Rewriting history

Dr. David Purdie of the University of Edinburgh with a document showing golf clubs were shipped to Charleston in 1739. Tommy Braswell/Staff

Charleston has long been known as the birthplace of golf in America, with its roots dating back to 1743.

But a researcher at the National Archives of Scotland has discovered that golf arrived in the port city four years earlier than previously thought.

A document dated June 29, 1739, mentions golf clubs shipped from Scotland to Charleston businessman William Wallace in "Carolina" at a payment of 1 pound, 18 shillings (about 200 pounds or $350 in today's market), said Scottish historian and author Dr. David Purdie. Purdie was in Charleston to make a presentation Monday night to the local St. Andrews Society, a philanthropic organization of which Wallace was a member.

"We are very thrilled that we can tie together that shipment of golf clubs to William Wallace," said St. Andrews Society president Harrison Bissell. "We went through our archives and looked at the membership ranks and actually found his signature in the book in 1735. So we are pleased, being the oldest St. Andrews Society in the world (1729), that we also have the connection to the introduction of golf to what would become the United States."

The previous earliest golf link between Scotland and America was 1743, when 432 balls and 96 clubs were shipped to Charleston businessman David Deas.

Purdie said he learned of the 1739 document through a phone call.

"Because I was involved in checking out the 1743 shipment, the researcher at the National Archives of Scotland called and said, 'You have to come down here. We have seen something you will be interested in,' " said Purdie, a Fellow of the Institute for Advanced Studies in the Humanities at the University of Edinburgh.

"The cradle of golf in America is this city. The oldest continuous golf club in America is the Saint Andrew's Golf Club in Yonkers, N.Y. They were founded in 1888. But 150 years earlier, this was going on in Charleston."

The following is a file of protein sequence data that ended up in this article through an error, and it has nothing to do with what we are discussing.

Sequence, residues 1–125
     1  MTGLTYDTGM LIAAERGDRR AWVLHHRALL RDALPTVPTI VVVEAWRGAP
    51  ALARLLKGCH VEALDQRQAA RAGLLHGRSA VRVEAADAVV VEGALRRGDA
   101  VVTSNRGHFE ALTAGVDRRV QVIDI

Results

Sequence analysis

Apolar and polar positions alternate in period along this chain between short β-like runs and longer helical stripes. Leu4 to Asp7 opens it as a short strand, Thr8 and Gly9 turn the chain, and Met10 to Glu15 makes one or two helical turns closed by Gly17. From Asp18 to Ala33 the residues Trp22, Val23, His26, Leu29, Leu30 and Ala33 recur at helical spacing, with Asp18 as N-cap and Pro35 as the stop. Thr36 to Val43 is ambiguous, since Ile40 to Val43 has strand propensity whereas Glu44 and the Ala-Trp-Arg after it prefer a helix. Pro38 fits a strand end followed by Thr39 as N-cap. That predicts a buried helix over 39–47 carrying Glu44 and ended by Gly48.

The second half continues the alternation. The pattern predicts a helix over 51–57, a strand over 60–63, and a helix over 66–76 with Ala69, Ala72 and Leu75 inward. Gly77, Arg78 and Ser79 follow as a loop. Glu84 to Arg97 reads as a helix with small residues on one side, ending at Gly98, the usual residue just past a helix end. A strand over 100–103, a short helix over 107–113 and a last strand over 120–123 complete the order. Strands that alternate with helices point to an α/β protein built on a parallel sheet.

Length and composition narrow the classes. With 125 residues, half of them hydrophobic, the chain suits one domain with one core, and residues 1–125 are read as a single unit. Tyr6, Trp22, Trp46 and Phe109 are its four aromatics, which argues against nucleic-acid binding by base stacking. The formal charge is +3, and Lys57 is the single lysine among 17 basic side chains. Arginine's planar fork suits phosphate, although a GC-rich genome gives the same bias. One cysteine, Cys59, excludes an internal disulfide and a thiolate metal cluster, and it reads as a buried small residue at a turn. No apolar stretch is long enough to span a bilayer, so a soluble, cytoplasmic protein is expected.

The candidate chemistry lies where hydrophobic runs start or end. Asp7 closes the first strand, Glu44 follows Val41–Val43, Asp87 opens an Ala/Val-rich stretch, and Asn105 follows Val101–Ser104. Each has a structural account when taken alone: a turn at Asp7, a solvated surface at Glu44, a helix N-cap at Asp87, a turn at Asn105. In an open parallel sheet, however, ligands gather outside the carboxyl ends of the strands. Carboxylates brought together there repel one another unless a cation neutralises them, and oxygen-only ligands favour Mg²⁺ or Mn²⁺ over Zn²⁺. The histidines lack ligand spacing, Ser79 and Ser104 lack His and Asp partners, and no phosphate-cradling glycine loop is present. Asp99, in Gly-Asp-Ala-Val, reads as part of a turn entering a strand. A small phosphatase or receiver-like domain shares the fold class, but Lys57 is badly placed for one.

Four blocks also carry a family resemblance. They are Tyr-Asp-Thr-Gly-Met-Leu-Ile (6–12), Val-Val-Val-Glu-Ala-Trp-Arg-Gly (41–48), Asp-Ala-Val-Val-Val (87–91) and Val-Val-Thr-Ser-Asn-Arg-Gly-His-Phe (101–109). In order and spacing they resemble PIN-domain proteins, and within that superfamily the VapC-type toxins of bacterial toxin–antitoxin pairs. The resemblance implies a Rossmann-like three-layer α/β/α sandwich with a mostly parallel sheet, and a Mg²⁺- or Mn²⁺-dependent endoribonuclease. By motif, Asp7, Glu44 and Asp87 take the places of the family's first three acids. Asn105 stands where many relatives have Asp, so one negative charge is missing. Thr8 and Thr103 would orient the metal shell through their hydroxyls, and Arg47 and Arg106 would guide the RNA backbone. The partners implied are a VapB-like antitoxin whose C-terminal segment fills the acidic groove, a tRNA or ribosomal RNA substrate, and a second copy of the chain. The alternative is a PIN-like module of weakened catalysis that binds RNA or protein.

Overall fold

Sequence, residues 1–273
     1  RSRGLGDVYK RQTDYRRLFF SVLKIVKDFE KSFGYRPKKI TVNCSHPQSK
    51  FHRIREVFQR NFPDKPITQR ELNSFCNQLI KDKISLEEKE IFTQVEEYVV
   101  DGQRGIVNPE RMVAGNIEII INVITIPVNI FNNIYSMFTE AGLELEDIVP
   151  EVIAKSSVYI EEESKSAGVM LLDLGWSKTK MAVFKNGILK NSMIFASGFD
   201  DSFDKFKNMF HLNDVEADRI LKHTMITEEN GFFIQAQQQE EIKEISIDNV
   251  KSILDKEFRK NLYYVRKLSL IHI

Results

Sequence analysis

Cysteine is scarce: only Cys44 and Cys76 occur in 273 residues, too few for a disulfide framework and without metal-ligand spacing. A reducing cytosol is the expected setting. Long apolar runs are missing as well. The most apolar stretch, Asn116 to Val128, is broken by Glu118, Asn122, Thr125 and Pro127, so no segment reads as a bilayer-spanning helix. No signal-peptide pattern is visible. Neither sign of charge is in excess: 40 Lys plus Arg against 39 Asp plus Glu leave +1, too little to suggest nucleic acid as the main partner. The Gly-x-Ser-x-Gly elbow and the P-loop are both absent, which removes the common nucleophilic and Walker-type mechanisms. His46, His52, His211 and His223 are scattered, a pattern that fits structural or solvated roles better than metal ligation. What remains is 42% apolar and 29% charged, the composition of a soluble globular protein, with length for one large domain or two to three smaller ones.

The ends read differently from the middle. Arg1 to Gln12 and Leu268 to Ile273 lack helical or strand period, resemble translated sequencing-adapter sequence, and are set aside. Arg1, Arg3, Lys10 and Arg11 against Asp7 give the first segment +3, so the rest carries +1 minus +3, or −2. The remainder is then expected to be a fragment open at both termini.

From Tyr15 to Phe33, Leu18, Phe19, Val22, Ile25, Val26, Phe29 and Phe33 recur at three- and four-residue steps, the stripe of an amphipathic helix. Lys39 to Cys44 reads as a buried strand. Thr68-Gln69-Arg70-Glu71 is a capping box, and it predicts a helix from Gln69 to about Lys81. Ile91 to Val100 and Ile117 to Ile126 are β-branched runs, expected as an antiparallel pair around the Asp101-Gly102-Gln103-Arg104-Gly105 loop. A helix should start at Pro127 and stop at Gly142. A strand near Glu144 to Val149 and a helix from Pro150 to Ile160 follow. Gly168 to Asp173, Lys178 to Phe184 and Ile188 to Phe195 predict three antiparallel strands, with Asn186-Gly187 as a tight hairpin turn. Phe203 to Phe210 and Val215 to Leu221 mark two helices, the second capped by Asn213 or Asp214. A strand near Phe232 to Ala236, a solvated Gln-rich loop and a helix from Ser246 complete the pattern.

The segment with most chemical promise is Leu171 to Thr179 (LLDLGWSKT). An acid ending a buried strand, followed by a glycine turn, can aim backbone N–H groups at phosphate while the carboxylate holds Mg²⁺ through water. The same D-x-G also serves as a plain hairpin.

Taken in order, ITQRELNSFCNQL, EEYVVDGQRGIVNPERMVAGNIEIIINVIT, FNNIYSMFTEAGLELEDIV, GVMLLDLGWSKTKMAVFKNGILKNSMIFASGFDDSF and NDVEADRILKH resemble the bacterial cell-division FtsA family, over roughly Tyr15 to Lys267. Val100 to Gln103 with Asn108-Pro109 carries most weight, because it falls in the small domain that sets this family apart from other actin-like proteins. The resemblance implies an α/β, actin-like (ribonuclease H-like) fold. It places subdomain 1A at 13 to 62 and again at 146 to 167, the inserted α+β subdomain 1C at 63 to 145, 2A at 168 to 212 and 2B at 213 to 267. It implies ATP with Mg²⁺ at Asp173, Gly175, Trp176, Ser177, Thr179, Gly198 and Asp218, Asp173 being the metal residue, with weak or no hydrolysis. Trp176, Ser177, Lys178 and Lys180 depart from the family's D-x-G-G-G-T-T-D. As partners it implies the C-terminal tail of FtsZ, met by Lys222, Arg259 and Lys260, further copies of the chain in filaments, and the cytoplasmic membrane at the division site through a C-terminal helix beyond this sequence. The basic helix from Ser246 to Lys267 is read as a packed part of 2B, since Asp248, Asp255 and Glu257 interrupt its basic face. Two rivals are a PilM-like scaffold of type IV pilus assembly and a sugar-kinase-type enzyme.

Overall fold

Charleston artist Carol Ezell-Gilson immortalized the early arrival of golf with a 1990 painting commissioned by Golf Expo 1990, a festival planned to capitalize on the rediscovery of golf in Charleston with the upcoming 1991 Ryder Cup Matches at Kiawah Island. The expo lasted only one year, but brought about renewed interest in Charleston's place in golf history.

Ezell-Gilson's painting, titled "First Shipment of Golf Clubs to America," depicted wooden clubs in a crate arriving in Charleston Harbor. Other ships can be seen in the background, and the bill of lading is attached to the crate.

With the arrival of clubs and balls, the popularity of the game increased. The South Carolina Golf Club was founded in 1786 at Harleston Green on the Charleston peninsula, at the corner of present-day Pitt and Bull streets, just south of the College of Charleston's present-day Addlestone Library.

"Green, in those days, was the original word for a course," Purdie said. "They would meet in the coffee house and then go play golf. I imagine a Scottish businessman writes home to his brother and says there is land here for golf, send clubs, send balls. There's a business opportunity here, perhaps the formation of a club."

The golf clubs, Purdie said, were wooden - hickory shafts with perhaps hazel heads. The balls were featheries, pieces of leather stitched together with a small hole left in which goose feathers were stuffed. Caddies would carry an assortment of clubs for the golfer; golf bags were still to come.

Golf in Scotland dates back nearly 600 years. Musselburgh Links in Scotland bills itself as the world's oldest golf course and was located in the middle of a horse racing track, Purdie said. It is located perhaps a mile from Port of Leith, where both shipments would have made their departure to bring golf to Charleston and to America.